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Resources to Develop a Positive Self-Identity - TeachersFirst

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K to 12
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Encourage your students to develop positive self-identities based on their membership in various groups in society. Help your students to feel confident to express pride and healthy...more
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Encourage your students to develop positive self-identities based on their membership in various groups in society. Help your students to feel confident to express pride and healthy self-esteem about their own self-identity, without devaluing the dignity of those that may be different than they are. The resources shared in this section help teachers to enable students to recognize that people have multiple identities and are members of multiple groups within our society, creating complex and unique individuals.

tag(s): bias (22), difficult conversations (58), identity (28)

In the Classroom

Find resources to educate yourself and your students about various topics related to self-identity. This collection includes lesson plans, blogs, book suggestions, and interactives too. Share these resources with your colleagues and families.

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Resources Related to Difficult Conversations - TeachersFirst

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K to 12
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As teachers, we frequently tackle uncomfortable subjects in the classroom, but polarizing public conversations or events in the news can sometimes make these subjects downright difficult...more
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As teachers, we frequently tackle uncomfortable subjects in the classroom, but polarizing public conversations or events in the news can sometimes make these subjects downright difficult to discuss with students. The resources in this collection will give you ideas on how to start and facilitate tough conversations about topics like inequality, injustice, and politics sensitively while still accomplishing learning goals. You'll also find lessons and activities to encourage respectful conversation, inclusivity, empathy, and understanding.

tag(s): difficult conversations (58), empathy (26), racism (76)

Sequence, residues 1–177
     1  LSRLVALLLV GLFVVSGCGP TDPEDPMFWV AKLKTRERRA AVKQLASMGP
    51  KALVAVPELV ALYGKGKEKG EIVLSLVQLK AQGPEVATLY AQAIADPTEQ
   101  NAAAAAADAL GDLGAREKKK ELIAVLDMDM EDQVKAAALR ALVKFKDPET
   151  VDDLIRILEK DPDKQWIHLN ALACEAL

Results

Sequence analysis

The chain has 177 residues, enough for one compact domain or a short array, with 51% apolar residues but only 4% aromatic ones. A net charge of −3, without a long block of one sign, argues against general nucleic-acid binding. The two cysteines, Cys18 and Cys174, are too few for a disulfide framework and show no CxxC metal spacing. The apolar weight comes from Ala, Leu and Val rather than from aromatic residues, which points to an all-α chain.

In the Classroom

Explore this collection to use to engage in difficult conversations in your classroom. Learn more about difficult conversations and empathy for others in some of the informational readings.

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Understanding Empathy - TeachersFirst

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K to 12
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Empathy is our desire and ability to understand and share another person's feelings and use that information to guide our actions. It's the foundation of respect and inclusivity and...more
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Empathy is our desire and ability to understand and share another person's feelings and use that information to guide our actions. It's the foundation of respect and inclusivity and is an essential component of relationship building, resolving interpersonal conflicts, and understanding cause and effect. In this collection, we share resources that will help you create lessons and experiences that cultivate empathy in your students and informational websites about this important topic.

tag(s): empathy (26), perspective (11), racism (76)

In the Classroom

Help your students to develop empathy for others. Share these resources with your colleagues and school parents by emailing the page or sharing the link from your school web page or on your school's LMS.

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Resources on Racism and Discrimination - TeachersFirst

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K to 12
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As educators, it's our duty to teach our students to respect people of all races, genders, orientations, and cultures, both in our classroom and in the outside world. Racism, sexism,...more